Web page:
– In 2015, 83% of the sexual harassment allegations filed with the EEOC were made by women
– In 2016, the EEOC investigated 26,934 cases of sexual harassment allegations across the USA
– In 2016, 60% of women in the tech industry were sexually harassed

What specific experiences have you had that shaped your understanding of gender in the workplace, the media and the arts?

I’ve been pretty lucky avoiding sexual harassment in my day-to-day experiences. Because I work from the library or home, I’ve avoided this kind of contact in the workplace in the last decade. I’m a freelancer, so when I have encountered unsavoury people, I may choose to not work with them. However, all of us are privy to examples in our interactions with others in their workplaces. As an undergraduate and graduate student, I have experienced harassment or been aware of other students’s problems. I can’t speak about most of these experiences because many are confidential.  

What has changed today?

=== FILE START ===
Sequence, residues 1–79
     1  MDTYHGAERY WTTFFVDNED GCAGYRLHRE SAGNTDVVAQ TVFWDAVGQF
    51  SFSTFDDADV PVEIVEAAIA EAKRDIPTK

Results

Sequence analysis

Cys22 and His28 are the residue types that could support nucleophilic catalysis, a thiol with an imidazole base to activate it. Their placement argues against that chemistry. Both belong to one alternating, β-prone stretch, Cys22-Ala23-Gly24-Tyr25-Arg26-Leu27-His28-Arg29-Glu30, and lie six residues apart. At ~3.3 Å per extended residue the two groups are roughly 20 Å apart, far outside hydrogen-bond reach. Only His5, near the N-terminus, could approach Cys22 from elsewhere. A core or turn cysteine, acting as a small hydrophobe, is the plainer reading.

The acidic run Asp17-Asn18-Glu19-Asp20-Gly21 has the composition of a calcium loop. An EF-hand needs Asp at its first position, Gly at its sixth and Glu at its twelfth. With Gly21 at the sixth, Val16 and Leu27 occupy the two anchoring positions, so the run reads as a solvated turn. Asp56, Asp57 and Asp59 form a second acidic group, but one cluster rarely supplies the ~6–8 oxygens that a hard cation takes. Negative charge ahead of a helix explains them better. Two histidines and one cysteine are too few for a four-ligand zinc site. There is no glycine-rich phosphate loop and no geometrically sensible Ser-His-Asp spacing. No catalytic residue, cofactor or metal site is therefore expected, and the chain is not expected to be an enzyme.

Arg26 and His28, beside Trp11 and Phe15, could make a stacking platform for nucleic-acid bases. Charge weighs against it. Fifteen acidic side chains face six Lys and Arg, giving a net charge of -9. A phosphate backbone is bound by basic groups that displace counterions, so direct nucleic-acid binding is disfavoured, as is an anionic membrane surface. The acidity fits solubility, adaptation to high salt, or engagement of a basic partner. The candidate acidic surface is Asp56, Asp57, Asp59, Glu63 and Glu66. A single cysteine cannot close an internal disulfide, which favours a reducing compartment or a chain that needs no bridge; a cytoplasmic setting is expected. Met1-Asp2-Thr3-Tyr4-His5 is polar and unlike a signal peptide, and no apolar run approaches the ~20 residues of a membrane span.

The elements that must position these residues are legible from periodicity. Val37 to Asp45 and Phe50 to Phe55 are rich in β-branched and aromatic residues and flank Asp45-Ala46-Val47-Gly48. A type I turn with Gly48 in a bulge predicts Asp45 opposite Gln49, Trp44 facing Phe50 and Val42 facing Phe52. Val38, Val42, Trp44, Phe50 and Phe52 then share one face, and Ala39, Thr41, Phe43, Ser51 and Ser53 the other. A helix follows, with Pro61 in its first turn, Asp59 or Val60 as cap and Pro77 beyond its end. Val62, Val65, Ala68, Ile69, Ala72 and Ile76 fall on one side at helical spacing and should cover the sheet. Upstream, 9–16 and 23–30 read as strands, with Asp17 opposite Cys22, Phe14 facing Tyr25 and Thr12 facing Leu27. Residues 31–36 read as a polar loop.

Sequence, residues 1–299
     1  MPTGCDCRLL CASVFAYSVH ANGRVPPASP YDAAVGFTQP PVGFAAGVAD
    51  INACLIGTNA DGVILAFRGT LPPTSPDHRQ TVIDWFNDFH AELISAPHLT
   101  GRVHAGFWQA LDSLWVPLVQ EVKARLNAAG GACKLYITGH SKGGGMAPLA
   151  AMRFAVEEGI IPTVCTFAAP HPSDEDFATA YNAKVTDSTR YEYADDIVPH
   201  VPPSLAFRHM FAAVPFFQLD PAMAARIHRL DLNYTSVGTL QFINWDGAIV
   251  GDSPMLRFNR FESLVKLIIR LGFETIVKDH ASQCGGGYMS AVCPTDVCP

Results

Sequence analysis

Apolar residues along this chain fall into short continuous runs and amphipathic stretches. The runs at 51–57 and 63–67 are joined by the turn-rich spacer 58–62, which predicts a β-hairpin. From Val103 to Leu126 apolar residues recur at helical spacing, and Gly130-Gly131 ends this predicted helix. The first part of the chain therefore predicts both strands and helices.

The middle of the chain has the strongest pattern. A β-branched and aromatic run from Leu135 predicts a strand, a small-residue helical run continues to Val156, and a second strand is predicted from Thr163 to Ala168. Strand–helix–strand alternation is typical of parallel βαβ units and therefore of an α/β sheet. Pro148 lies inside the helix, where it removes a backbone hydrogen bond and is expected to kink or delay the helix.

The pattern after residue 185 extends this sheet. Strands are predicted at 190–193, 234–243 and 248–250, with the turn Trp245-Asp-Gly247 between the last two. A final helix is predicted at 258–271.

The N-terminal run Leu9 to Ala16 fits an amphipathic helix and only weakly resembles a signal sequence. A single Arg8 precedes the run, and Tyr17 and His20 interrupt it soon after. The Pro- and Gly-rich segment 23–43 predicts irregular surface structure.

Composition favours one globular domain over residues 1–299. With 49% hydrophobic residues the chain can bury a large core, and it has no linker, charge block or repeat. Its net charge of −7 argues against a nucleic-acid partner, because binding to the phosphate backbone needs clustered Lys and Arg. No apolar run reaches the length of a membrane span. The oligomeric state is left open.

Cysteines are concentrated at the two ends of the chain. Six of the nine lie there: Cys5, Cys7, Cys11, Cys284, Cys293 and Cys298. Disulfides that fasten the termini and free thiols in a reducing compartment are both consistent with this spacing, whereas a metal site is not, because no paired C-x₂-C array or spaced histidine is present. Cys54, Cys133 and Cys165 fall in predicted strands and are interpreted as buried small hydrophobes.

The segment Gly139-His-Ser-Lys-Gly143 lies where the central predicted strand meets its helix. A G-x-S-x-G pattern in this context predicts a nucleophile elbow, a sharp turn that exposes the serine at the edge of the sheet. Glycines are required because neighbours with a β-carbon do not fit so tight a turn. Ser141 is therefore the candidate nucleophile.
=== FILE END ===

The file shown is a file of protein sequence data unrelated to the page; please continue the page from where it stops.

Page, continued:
I was recently speaking with an older friend, and she was quite clear that the level of transparency now is admirable. However, she stressed that we have to understand how the culture has changed. When she was younger, ‘Desirable men, wealthy and famous, were expected to flirt with women and women were supposed to be flattered. If they were not, they had to hide their disdain.’ And while speaking with the artist Sara Greenberger Rafferty, she noted that, in the 30 years between my friend’s experience and our own adolescence at RISD not much changed. We were told to carry condoms in case we were raped so we didn’t contract AIDS. That was the extent of the sensitivity to rape culture and sexual harassment in the late 1990s. Today there is so much more discussion and training for professors, students and for arts professionals. When I was growing up, I hung around with  large groups of adolescent boys, then in primarily homosocial communities of women, and then with young men. At my most relaxed, I have the mouth of a sailor. It took me a long time to realize that some people are uncomfortable hearing every dirty pun that meanders through my thoughts. So much of what we are discussing comes back to understanding how power works and to consent. Then again I would never have dreamed about asking my students about their sex life as some of my professors did then.